Kant and the Morality of Anger

4094 Words Jun 22nd, 2018 17 Pages
Kant and the Morality of Anger

Introduction

This essay does not comprise a defence of retributive punishment, neither does it imply a rejection of deterrent punishment. The writer suggests that one possible reason for the tendency to advocate punishment of offenders with ever increasing severity can be discovered in the concept of the 'morality of anger'. It is this explanation of the phenomenon that forms the principal burden of the arguments used in this essay.

The salient characteristics of the two theories of punishment, which find expression in English law, will be found below [1]. In the absence of any definitive public policy an unresolved tension exists, which derives from attempts made to reconcile the two theories,
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An offender must be found to be punishable before any assessment of benefit to the citizen or community is taken into consideration, because the punishment of the innocent is inherently a gross injustice. According to Kant the universal concept of retribution has priority over any and all consequential effects.

This rule is followed, and the crime suppressed, only when the convicted offender draws the evil deed back to himself, as a punishment, and when he suffers that which according to the penal law he has inflicted on others., Penalties are defined in the penal law, to which the offender is subject, and therefore they are invariant. It would, therefore, be morally wrong if those penalties were not to be inflicted on the offender in response to his crime.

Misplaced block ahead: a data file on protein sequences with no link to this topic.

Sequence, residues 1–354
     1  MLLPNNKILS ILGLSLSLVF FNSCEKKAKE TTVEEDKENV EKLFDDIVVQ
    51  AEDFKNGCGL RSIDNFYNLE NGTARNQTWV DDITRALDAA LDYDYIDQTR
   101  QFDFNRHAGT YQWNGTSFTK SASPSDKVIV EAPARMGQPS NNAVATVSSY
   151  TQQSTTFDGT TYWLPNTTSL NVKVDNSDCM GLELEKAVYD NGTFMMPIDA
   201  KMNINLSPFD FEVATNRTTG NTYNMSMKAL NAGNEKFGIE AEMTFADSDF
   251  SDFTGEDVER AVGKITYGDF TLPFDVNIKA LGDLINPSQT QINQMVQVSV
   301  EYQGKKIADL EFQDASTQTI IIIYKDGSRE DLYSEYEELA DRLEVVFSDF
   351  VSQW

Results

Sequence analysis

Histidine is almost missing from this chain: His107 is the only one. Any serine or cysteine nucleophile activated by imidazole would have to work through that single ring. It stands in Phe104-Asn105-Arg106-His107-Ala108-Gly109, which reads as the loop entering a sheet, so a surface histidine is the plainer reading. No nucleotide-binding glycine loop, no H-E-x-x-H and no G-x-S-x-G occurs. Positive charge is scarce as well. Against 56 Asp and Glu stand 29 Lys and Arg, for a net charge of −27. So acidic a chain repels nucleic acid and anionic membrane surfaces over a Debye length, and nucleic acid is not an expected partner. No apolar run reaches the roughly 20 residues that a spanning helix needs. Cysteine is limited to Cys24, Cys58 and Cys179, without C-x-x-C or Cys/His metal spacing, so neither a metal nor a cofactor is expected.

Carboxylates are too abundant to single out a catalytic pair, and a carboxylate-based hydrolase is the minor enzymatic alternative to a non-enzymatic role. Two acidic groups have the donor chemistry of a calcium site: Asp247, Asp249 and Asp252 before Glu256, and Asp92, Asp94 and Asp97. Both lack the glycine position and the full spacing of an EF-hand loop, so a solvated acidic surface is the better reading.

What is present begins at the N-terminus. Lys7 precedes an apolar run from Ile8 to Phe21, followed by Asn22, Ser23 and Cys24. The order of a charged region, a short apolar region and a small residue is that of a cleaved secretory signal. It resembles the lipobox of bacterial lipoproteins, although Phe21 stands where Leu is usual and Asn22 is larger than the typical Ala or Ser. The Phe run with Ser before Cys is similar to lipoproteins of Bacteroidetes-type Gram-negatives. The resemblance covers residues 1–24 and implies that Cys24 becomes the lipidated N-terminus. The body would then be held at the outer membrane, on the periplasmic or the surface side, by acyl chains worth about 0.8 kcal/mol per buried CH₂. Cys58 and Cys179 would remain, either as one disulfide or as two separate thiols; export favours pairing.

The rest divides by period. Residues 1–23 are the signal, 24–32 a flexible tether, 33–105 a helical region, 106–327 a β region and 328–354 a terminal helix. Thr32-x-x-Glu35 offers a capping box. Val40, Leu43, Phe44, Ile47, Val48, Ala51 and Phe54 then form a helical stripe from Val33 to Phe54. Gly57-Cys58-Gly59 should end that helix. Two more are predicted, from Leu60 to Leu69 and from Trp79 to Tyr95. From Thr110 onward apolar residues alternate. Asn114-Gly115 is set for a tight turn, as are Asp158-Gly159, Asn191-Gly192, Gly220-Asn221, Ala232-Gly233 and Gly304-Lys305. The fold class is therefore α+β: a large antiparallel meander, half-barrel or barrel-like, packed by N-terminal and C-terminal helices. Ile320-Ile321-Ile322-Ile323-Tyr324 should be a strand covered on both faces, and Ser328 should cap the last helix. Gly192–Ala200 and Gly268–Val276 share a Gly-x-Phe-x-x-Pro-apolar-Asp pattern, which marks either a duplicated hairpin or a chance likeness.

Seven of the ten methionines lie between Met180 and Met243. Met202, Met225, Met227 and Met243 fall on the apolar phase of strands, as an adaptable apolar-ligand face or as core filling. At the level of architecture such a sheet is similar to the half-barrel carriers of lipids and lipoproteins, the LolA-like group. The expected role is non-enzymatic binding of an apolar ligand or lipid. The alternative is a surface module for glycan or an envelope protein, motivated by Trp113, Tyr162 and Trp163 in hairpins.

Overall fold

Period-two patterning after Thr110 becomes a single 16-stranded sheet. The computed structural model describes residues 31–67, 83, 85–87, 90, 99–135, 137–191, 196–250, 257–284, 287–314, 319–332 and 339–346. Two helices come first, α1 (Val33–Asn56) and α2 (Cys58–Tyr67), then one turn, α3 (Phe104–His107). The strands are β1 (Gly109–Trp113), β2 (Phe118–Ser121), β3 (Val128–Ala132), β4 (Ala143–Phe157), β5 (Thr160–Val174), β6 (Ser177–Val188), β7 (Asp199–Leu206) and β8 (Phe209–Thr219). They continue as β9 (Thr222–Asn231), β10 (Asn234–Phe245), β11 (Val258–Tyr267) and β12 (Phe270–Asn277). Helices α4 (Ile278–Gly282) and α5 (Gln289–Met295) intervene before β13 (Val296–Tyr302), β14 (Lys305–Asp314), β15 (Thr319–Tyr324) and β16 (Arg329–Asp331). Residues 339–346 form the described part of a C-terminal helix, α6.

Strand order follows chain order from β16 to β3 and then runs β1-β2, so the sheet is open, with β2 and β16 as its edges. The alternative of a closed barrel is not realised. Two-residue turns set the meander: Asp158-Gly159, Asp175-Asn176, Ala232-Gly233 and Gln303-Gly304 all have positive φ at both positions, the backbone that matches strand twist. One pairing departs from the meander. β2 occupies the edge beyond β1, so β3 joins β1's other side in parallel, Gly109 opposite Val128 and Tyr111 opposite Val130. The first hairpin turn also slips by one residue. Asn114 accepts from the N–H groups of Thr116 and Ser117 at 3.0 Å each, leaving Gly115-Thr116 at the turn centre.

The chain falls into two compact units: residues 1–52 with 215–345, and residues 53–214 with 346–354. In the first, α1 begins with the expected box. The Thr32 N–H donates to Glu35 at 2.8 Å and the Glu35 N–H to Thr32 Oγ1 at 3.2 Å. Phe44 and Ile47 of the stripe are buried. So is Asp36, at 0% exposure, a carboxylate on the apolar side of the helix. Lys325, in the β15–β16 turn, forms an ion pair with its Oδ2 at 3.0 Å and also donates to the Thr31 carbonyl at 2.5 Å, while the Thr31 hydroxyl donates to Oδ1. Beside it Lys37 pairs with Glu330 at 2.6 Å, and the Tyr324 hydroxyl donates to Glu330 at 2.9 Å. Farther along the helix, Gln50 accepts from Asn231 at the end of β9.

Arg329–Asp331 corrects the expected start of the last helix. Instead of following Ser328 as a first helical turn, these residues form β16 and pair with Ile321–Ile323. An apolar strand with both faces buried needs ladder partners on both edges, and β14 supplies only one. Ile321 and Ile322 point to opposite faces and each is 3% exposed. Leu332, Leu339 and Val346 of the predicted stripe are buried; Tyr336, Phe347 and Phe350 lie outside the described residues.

Kant's general proposition is that of the 'equality of crime and punishment', which he illustrates by means of analogy. He likens justice to 'none other than the principle of equality in the movement of the pointer of the scales of justice.' However he does not argue explicitly for his 'principle of equality' and, if we examine his observations with respect to the punishments for robbery or rebellion against the state, then these seem to be implausible or unconvincing, because they seem to be overdrawn or unnecessarily harsh. And also because they do not make any allowance for extenuating or mitigating circumstances, or for irrational

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